« Reply #4 on: April 17, 2007, 06:49:17 PM »
For me the smell is between vinegar and ammonia, surface sticky (haven't tried licking it yet !).
 
I've got two tall Nyman vases side by side, both geniune, and only one is oily - the one right next to the side of the old oak cabinet (which is an original fitted cabinet approx 100 years old). The one next to it (say 9 inches from the side of the cabinet) - no grease.
And thankfully no apparent damage to the glass.

As the cabint is on an outside wall, I can only surmise that the cold glass is causing something to condense on to it, but why only one vase is affected, the other shelves are fine - a complete mystery.

 


Offline Adam

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Re: Oily glass - again!
« Reply #5 on: April 17, 2007, 06:51:47 PM »
At the risk of being thought pedantic, may we please be careful with the use of the word "devitrification"?  This is the effect which can occur if glass is held at a high temperature (normally still in the furnace - much higher than annealing temps) for too long and crystals of various compounds start to form.  Crystals are of course not glass (hence devitrification or "de-glassing" to coin a word!).  This can be a serious defect if the crystals reach the finished article as they have totally different properties to the parent glass and therefore can set up huge stresses which are impossible to anneal out. "Devit" for short in the trade.  Importantly in the context of this thread, I know of no mechanism whereby devit can form at room temperatures - any crystals seen may be forming on the surface from whatever is leaching out of the poor quality glass.

Incidentally, CONTROLLED devitrification is how glass-ceramics are made.

Adam D.


Offline taylog1

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Re: Oily glass - again!
« Reply #6 on: April 17, 2007, 07:27:30 PM »


Offline Leni

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Re: Oily glass - again!
« Reply #7 on: April 17, 2007, 08:40:17 PM »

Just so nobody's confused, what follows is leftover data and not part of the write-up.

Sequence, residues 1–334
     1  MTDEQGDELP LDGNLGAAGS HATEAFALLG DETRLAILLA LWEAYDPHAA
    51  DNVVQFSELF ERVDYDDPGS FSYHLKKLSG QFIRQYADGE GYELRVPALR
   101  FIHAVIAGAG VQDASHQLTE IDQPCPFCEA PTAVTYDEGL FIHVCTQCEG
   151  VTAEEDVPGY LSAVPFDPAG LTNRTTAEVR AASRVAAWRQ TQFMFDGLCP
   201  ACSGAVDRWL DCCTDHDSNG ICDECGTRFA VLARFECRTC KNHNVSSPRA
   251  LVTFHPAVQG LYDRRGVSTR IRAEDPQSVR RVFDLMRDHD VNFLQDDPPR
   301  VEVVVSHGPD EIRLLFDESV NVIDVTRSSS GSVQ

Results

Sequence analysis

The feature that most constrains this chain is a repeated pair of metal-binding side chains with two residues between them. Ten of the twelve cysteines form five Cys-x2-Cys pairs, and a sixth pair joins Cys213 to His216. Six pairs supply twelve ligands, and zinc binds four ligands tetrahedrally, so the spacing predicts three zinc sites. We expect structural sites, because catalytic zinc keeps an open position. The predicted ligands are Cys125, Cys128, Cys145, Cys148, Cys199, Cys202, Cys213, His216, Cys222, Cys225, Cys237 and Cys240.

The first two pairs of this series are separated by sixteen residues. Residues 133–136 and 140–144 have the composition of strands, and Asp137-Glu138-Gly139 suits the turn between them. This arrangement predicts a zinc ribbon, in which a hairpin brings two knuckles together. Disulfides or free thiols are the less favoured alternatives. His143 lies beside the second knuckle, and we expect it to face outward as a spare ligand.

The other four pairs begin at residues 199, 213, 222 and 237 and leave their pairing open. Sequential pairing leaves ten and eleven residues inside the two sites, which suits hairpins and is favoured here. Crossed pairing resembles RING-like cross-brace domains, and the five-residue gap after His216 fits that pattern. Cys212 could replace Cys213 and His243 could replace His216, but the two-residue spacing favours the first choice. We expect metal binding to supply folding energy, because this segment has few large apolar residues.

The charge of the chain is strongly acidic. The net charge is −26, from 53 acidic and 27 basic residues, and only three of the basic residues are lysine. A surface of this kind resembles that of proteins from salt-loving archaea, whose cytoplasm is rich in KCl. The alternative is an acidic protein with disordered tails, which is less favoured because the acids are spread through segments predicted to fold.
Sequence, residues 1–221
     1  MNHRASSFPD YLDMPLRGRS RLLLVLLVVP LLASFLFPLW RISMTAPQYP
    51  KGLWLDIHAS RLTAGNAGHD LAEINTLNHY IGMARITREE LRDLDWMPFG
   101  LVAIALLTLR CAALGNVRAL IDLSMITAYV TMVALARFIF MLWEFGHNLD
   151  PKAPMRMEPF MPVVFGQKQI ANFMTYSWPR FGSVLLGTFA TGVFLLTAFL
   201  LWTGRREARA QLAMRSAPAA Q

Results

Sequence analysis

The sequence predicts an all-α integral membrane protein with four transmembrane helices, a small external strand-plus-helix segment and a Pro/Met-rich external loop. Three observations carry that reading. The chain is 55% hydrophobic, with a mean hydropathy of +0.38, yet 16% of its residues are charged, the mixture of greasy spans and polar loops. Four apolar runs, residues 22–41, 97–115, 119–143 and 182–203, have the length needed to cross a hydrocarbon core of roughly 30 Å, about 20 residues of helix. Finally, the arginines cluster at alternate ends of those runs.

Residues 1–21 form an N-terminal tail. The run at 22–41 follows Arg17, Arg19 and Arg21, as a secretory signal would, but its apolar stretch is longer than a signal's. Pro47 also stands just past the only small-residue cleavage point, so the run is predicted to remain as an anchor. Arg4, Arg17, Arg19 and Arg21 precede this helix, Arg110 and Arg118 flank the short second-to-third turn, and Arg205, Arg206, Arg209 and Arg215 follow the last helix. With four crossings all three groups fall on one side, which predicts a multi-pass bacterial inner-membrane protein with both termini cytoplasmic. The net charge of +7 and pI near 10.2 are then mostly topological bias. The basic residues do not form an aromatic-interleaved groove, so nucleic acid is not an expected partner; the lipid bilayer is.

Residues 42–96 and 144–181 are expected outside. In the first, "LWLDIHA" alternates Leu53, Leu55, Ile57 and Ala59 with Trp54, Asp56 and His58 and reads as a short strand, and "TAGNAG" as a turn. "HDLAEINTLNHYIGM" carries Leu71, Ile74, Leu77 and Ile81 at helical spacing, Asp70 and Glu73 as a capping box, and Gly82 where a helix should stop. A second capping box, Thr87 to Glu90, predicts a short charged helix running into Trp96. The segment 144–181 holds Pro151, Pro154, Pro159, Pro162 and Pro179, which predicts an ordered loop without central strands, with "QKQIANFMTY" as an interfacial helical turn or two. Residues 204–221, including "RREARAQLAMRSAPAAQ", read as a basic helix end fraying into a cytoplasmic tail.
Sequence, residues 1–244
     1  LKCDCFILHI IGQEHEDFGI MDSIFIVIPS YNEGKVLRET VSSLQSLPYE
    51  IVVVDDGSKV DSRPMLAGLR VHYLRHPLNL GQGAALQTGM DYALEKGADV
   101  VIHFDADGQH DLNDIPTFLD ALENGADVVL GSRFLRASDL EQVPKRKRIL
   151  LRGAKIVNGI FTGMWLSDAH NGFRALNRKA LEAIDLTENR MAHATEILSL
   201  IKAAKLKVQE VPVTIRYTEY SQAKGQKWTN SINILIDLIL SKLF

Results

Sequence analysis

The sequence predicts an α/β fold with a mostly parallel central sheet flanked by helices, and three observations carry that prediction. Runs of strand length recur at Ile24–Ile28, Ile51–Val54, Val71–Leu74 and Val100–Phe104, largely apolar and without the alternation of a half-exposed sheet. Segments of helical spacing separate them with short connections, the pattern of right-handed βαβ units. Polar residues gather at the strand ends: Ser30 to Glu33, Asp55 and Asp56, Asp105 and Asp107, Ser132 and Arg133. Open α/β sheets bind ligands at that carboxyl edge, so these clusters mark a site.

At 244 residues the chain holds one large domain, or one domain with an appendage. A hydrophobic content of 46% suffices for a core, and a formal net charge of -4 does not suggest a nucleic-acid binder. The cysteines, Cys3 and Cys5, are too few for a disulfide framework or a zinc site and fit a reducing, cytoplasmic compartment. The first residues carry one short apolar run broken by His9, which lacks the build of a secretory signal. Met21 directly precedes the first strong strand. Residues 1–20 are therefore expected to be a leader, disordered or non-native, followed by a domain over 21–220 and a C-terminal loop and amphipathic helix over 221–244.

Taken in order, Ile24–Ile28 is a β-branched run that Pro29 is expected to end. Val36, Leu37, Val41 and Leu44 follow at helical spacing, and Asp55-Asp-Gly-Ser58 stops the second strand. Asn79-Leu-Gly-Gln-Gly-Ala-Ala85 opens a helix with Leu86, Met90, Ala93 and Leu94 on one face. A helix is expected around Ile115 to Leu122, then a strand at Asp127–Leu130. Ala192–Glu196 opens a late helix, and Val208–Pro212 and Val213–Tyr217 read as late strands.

Wow!  That looks like it is the answer!  So 'Oak' is a bit of a Red Herring perhaps?  It seems as if any wooden cabinet is a possible risk, if the humidity / temperature etc. are right (or should I say wrong :( )   

As far as the smell goes, I wondered if there was possibly a combination of the smell of the chemicals coming off the glass combining with the varnished finish of the cabinet.  That's what it smelled like to me (whatever son may have thought  ::))

Adam; apologies if I used the word devitrification wrongly.  I picked it from the article in Frank's link on conservation of glass, possibly without sufficient care as to its meaning  :-[   
Leni


Offline glasswizard

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Re: Oily glass - again!
« Reply #8 on: April 17, 2007, 09:41:53 PM »
Leni, I have two Gentile paperweights that "sweat" if they are put in the curio cabinet. None of my other weights, including the Chinese ones do that. If I leave the Gentile ones out of the cabinet and just sitting in air, they are fine.
Terry


Offline aa

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Re: Oily glass - again!
« Reply #9 on: April 17, 2007, 10:38:41 PM »
http://www.rsc.org/chemistryworld/News/2005/September/26090501.asp
The article refers among other things to Formaldehyde, which is a constituent of most but not all MDF. If not properly primed, MDF can leach formaldehyde, so perhaps this problem could occur with MDF furniture as well as timber.

Doesn't sound as if licking affected glass is particularly advisable. :P ::)